Wednesday, July 17, 2013

From the Archives #25: The Quest of the MIssing Map by Carolyn Keene

What did girls read during WWII when they wanted to get away from the war?  Well, one of the things they liked to read were the same books that Laura Bush, Hilary Rodham Clinton, Oprah Winfrey, Sonia Sotomayor, Ruth Bader Ginsburg, Gayle King, Diane Sawyer, Nancy Pelosi, as well as Congresswoman Pat Schroeder, filmmaker Pamela Beere Briggs, SEC Chairwoman Mary Jo White, and Federal Judge Roslynn R. Mauskopf, American Girl Molly McIntire and I read, and maybe you did, too.

What am I talking about?
None other than Nancy Drew, the teenage girl detective who wore frocks and drove a roadster.  And, now that American Girl is going to retire Molly and her friend Emily Bennett, an evacuee from the London Blitz, I thought I would have a look at the Nancy Drew book that sat on Molly's night stand all these years.  

The Quest of the Missing Map was published in 1942, shortly after the US entered WWII.  The quest begins when Hannah Gruen, the Drew housekeeper, asks Nancy to help the Smiths, a family that she used to work for.  They are in possession of half of a map given to Mr. Smith by his father, a sea captain indicating a small uncharted island in the Atlantic where he had buried a treasure.  Now, needing money, the Smiths would like to find the other half of the map.  That half had been in possession of the twin brother of Mr. Smith but the twins had lost track of each other over time.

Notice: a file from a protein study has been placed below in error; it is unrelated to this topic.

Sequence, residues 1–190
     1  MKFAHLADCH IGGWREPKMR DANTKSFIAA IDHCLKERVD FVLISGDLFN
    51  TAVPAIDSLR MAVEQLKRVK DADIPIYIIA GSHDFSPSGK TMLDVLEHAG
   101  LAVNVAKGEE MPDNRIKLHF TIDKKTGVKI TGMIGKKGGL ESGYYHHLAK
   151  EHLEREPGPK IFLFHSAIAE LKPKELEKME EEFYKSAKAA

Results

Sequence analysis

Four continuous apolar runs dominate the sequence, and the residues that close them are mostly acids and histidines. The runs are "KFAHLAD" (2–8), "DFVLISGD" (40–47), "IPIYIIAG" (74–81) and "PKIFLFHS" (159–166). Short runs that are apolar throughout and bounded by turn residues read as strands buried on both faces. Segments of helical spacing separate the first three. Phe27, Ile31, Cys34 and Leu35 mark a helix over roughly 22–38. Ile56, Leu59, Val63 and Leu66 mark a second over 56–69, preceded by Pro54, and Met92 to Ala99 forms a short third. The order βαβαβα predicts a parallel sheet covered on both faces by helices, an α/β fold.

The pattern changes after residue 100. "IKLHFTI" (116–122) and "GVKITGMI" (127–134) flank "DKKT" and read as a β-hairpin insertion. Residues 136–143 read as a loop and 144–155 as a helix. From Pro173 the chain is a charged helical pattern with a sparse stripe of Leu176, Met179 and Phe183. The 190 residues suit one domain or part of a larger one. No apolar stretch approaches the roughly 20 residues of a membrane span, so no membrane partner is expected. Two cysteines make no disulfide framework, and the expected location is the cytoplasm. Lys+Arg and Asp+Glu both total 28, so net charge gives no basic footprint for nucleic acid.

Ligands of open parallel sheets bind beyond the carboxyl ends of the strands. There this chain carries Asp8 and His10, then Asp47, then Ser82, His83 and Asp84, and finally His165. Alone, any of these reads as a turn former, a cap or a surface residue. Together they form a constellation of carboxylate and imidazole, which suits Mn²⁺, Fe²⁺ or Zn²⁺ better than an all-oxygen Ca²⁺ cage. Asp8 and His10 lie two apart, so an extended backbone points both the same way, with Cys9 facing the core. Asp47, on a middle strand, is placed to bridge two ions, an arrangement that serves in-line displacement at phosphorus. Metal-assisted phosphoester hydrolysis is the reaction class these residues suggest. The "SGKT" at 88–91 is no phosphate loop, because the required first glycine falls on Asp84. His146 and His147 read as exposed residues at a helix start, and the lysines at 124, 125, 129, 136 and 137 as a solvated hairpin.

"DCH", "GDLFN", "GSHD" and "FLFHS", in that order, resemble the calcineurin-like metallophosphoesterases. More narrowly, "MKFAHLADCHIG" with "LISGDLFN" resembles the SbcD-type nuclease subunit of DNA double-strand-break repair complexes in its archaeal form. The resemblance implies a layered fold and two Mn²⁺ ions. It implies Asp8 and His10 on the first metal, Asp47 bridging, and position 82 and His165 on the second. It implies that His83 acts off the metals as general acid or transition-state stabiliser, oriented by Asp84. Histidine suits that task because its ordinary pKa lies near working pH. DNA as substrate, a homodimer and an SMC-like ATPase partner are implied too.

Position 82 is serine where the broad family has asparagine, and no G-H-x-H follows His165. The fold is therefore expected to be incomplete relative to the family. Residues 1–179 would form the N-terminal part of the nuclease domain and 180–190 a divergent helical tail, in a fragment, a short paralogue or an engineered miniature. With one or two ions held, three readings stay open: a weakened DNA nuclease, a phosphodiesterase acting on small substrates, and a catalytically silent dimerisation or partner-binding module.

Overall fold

The search for the lost brother leads Nancy to a widow, Mrs. Chatham and her young daughter Trixie living on an estate not far away.   The estate had originally been owned by an inventor and there are all kinds of secrets places hidden away, especially in a small cottage on the grounds.  And as it turns out, the widow had been married to the lost twin brother, now deceased.

But, of course, Nancy isn't the only one who is suddenly looking for the treasure map.  Leaving the Smith home, Nancy realizes she is being followed by a Mr. Bellows, who had tried to buy the Smith's half of the map earlier  Later, the Smith home is robbed of the map.  The Smiths are upset, but Nancy had drawn a copy of the now missing half of map.  Unfortunately, she is overheard by a couple who also want to find the treasure when she tells the Smiths about her copy.